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Aifa: FSCS should act quickly to ensure Lifemark costs are shared

Aifa is calling for the Financial Services Compensation Scheme to act quickly in compensating Keydata Lifemark clients to ensure the resulting claims are dealt with in one financial year and therefore likely to be spread between IFAs and providers.

Around 23,000 savers, who invested £349m in Lifemark-backed Keydata products, could be entitled to claim up to £50,000 each in compensation after the FSCS announced yesterday that they were eligible for compensation. The FSCS says it is still unclear how much Lifemark investors have lost but that this uncertainty should not delay the claims process. A further update on compensation calculations will be given next month. 

In March intermediaries were hit with an £80m levy for the 2009/2010 year, the majority of which related to Keydata subsidiary SLS Capital after the FSCS controversially classed Keydata as an intermediary. Regulatory Legal is judicially reviewing this verdict on behalf of a large group of advisers with a court date set for the beginning of November.

The current investment intermediary levy for 2010/2011 is £24m. Lifemark compensation claims, alongside claims relating to A2O, Wills & Co and Integrity could lead to the sub-class breaching the maximum £100m levy. If this occurs further claims will fall onto the investment provider sub-class. If total claims for the investment class rise above £370m further claims will be paid out by the rest of the industry.

Aifa director Robert Sinclair says he hopes the claims can be dealt with quickly in one single chargeable year to ensure costs are shared with providers.

He says: “It is good news that the FSCS is moving to give clarity to consumers at an early stage. While this could be bad news for advisers, and the industry, it is important to establish the full cost as quickly as possible and raise any levies in a single, chargeable year.

“We hope the impact can then be spread fairly across the wider industry rather than falling wholly on the shoulders of adviser firms, many of whom deliberately avoided advising on this entity.”


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There are 5 comments at the moment, we would love to hear your opinion too.

  1. Fat Chance, shouldnt be in there anyway

  2. What’s the FSA’s stance on cross subsidisation? !!!!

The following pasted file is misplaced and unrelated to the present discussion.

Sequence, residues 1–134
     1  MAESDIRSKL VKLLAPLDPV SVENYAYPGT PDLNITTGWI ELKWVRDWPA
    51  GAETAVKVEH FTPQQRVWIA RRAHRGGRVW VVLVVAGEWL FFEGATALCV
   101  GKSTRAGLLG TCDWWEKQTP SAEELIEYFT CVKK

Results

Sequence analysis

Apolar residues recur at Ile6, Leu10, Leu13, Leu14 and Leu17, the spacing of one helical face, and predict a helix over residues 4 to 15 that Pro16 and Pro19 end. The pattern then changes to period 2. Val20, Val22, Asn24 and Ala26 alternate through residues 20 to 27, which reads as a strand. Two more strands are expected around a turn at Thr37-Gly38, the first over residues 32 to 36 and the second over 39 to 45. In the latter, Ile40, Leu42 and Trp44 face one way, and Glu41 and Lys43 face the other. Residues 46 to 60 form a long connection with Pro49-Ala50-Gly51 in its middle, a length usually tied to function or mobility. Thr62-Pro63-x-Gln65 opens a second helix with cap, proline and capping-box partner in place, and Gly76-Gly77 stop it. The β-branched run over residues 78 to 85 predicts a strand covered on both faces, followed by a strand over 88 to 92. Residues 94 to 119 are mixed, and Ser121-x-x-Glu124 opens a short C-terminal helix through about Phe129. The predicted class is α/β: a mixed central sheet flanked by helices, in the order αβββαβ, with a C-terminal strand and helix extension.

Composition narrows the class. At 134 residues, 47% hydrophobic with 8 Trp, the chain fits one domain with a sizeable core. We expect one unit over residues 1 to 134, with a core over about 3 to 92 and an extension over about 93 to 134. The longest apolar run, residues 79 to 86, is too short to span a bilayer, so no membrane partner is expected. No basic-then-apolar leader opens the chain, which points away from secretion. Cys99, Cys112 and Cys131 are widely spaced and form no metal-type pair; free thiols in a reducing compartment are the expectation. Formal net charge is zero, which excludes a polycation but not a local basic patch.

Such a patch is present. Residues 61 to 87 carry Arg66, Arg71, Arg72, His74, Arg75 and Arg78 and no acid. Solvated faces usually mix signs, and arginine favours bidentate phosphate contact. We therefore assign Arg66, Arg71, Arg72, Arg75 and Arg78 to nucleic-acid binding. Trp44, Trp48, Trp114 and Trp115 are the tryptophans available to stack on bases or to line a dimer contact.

3. A deal was done?

    Chris Cummings told me the ‘fund managers didn’t want to know’, so the liability was added to IFAs who were PIA prior to N2 despite the fact that Keydata was IMRO prior to N2.

    Something decidedly fishy going on between all parties to the ‘negotiations’ if you ask me, not that you will of course.

  4. As an outsider (queue insults..) I understand the precept to be a type of idemnity insurance with an upper limit, I’d sooner pay that than have somebody after my house because a recommendation failed.
    An acquaintance of mine fell fool of the Keydata debacle despite as much investigations they and their IFA did, there is no defence in law for a ‘gut feeling’ you have to back up these with tangible facts.
    They are understandably a lot happier this morning believing they will get most of their money back, they are however taking a keen interest in what ‘the industry’ says as they will soon be looking for a safe place ( as they did before) to place their savings, the attitude of a lot of the commentators on these sites is pointing them towards the big banks, just don’t cut your nose off……

  5. Does anyone in any position of power actually take any notice of anything AIFA says? Given that I’m still a member and paying my AIFA subscription, I’d like to think the answer is yes, but AIFA does such a poor job of keeping its membership informed of just what it does that it’s impossible to know. A few press reports such as this are all very well, but if nobody’s taking any notice, so what?

    A regular newsletter might help improve member confidence in the worth of AIFA beyond being just a token representative body.

    And we’re still awaiting details of all the campaigns that AIFA’s fought, sorry, lobbied for, on our behalf over the past ten years and just how much, if any, ground it’s actually managed to win on those various campaigns.

    I cannot help but feel that the FSA regards AIFA with little more than patronising tolerance just because it feels it needs to be seen to be “engaging” with industry bodies. So what?

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